Along with teaching at the school, these virtuoso dancers get to perform, thanks to a small professional company, the Brighton Ballet Theater, which was formed in association with the school. The troupe is made up of about a dozen teachers and other dancers, who perform alongside the children at student performances, and who frequently perform at restaurants, schools, private parties and small festivals around the city.
The idea that onetime soloists for the great Russian ballet troupes are teaching children in Brooklyn may conjure up visions of fragile, embittered former divas. But the teachers here tend to be energetic young dancers who say that they simply couldn't live on dance company salaries in their home countries.
"I never thought to become a teacher," said Natia Rtveliashvili, a 22-year-old former dancer with Georgia's national ballet who teaches the school's youngest students. "But I can dance in Brighton Ballet company, and sometimes I can dance with American companies also, if Irina permits. In my country, salaries are really low, and you can't live on dancing alone."
Andrij Cybuk, who was raised in the United States but studied dance in Ukraine and now performs with the Brighton Ballet Theater, knows of several dancers who were idolized in former Soviet bloc countries but were forced to take jobs as laborers when they immigrated to the United States and Canada. In such situations, Mr. Cybuk said, dancers are happy to take any opportunities they can find.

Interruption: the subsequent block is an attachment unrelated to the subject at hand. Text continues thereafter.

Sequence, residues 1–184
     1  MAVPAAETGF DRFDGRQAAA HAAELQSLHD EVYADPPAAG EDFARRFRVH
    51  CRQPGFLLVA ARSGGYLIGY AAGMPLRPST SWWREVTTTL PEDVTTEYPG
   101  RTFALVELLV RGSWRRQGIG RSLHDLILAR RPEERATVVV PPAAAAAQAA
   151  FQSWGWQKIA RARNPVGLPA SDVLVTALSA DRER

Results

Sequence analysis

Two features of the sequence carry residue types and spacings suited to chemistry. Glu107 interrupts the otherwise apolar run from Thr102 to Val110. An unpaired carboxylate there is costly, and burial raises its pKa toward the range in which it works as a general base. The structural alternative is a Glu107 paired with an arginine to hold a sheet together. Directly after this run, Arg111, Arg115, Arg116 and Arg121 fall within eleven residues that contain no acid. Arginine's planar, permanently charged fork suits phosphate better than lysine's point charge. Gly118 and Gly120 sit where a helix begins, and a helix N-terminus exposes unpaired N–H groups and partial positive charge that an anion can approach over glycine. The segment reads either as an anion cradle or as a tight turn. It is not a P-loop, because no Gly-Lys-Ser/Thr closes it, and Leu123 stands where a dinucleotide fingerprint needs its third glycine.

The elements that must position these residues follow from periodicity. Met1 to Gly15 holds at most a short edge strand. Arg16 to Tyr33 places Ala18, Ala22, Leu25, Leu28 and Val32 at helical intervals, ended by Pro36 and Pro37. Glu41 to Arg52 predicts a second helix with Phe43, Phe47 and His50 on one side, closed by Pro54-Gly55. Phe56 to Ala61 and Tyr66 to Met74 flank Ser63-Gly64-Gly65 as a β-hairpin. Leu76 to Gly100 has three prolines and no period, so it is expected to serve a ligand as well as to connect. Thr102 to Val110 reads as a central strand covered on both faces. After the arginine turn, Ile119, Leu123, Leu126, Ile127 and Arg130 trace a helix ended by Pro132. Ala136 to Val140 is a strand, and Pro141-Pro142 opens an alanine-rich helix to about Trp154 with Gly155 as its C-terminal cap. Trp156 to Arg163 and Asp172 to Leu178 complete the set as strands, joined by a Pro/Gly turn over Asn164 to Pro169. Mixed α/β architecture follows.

"There's a sense of frustration," he said, "because you go from dancing in these national theaters, theaters that are just amazing, and here you're dancing anywhere you can."
Parents of the school's students are generally delighted that their children can dance with such esteemed professionals. "It is a tradition in Russia, something of prestige, for children to go to dance school," Ms. Roizin said. "The children here have performance opportunities at a very young age. The parents like that."
Anna Fateeva, a 28-year-old ballerina who herself trained and danced with the Bolshoi from the age of 9 and later danced with the Moscow Classical Ballet, teaches advanced students at the school. She admitted that, unlike in Russia, every child at the school is not necessarily a budding superstar, but said that she had come to enjoy the less competitive approach to dance.